A documentary about the high-stakes mind games that go into gathering human intelligence, The Green Prince is a taut piece of work that features just two talking heads: a prized Palestinian informant and his ever-cautious Israeli handler. The son of a hard-line Hamas leader, young Mosab Hassan Yousef watched Israeli forces storm his house to drag his father away to jail, and vowed to take revenge. But his loyalties began to shift not long after getting put behind bars himself; by age 17, he was funneling information to Shin Bet agent Gonen Ben Yitzhak, eventually taking up a post as his father’s secretary to provide the Israelis with intel useful in thwarting Hamas suicide bombings. Even as Yousef covertly undermined the mission of “the family business,” though, he bargained at every step to protect his loved ones from harm.

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Based on Yousef’s 2010 memoir Son Of Hamas, Nadav Schirman’s film—an audience prizewinner at Sundance in January—briskly runs down a decade-plus of double-dealing on the front lines of the Israeli-Palestinian conflict, offsetting the interview footage with archival news reports, a crashing orchestral score by Max Richter, and staged aerial surveillance shots, tinted night-vision green for maximum atmosphere. Despite the excess of thriller style, though, there’s little resisting the outsize drama recounted here. The lies Yousef must tell to maintain appearances only continue to mount with time; Ben Yitzhak himself feels he must defy Shin Bet protocol and meet with Yousef one-on-one to assure the young man of his trust. The chess game of a relationship between the two becomes the crux of the film: Ben Yitzhak’s job is, essentially, to manipulate his recruits to get what he wants, while Yousef, well aware of his value to the security agency, consistently refuses to betray his own evolving set of principles, no matter the cost.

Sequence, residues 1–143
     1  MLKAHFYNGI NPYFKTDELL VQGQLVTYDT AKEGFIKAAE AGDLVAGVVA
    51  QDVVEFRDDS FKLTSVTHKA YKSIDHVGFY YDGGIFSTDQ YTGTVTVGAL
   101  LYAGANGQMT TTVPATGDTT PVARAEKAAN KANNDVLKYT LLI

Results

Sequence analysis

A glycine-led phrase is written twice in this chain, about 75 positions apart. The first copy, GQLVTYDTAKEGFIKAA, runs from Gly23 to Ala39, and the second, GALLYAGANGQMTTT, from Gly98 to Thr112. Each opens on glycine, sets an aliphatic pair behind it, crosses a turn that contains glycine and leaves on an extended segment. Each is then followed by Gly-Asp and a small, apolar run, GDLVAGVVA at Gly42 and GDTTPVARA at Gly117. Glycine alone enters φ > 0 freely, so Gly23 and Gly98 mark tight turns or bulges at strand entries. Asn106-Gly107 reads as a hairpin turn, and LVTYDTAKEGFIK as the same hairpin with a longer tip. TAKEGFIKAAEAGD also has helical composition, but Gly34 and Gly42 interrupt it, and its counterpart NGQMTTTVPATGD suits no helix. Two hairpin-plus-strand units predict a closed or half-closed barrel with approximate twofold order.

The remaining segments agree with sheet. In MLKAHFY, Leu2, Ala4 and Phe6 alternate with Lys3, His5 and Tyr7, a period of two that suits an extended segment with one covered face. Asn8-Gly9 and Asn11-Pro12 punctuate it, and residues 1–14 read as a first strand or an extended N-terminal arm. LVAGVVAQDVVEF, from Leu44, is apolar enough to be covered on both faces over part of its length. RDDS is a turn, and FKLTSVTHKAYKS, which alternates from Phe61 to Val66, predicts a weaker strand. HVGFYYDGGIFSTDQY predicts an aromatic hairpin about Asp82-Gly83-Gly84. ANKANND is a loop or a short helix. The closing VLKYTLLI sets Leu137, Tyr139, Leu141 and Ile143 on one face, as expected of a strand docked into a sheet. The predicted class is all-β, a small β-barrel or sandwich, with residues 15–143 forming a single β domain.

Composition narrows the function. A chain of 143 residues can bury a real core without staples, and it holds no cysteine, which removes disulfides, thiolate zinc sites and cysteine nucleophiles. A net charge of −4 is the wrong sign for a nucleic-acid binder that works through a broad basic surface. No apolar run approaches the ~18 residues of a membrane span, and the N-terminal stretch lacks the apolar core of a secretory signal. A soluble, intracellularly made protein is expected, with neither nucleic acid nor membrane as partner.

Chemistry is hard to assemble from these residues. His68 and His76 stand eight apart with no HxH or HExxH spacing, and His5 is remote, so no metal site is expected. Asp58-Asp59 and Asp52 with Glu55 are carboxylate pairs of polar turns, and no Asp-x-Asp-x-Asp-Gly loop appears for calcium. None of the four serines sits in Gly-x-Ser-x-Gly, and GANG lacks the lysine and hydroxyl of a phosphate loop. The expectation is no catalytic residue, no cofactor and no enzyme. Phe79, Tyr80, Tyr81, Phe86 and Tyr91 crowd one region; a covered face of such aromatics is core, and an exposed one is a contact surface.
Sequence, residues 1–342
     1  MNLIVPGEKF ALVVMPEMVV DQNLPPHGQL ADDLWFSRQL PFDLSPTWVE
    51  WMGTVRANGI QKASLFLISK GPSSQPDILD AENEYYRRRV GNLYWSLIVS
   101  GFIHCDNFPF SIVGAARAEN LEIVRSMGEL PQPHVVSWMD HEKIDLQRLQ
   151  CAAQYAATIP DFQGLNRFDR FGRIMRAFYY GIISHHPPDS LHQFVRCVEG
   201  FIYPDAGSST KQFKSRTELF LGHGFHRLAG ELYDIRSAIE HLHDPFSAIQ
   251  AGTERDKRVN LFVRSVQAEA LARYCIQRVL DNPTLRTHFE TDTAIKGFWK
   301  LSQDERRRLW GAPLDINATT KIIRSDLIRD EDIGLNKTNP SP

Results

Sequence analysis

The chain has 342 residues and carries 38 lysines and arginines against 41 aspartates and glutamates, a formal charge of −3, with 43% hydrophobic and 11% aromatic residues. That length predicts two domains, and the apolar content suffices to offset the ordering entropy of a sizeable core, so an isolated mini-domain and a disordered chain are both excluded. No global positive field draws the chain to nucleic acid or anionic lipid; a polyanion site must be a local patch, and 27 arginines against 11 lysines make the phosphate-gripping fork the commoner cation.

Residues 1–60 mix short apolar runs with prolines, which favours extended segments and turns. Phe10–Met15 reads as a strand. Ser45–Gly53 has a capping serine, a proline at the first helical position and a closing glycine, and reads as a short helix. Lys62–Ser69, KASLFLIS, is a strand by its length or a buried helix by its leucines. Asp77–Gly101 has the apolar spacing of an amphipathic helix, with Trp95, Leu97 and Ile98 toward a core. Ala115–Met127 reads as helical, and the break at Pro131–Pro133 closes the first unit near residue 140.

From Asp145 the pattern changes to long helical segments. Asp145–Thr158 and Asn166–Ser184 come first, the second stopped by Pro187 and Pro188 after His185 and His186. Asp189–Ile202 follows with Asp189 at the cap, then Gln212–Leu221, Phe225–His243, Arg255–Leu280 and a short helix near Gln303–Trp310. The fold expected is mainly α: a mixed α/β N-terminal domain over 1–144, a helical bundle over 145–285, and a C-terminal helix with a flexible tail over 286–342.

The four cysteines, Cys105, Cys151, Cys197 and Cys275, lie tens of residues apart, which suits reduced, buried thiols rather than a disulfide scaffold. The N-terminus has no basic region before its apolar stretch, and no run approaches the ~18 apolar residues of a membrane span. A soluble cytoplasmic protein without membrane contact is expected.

If only those principles were a little better explicated here. There’s no mystery as to why the Shin Bet would be eager to exploit a source privy to Hamas’ inner workings, but the motives of the younger man, codenamed the Green Prince, remain somewhat murky as explained. Yousef repeats that he saw his mission simply enough as “saving lives,” but the intricacies of his personal falling out with Hamas, which began when he witnessed the group torturing its own followers in prison, deserve more of an airing than they get. Yet even if the individuals and their motives themselves don’t always come into full focus, The Green Prince is an absorbing psychological study of shifting allegiances, as it follows these two men past the point when they’ve both cut ties with the Shin Bet—and reconnected only to find themselves the unlikeliest of friends.

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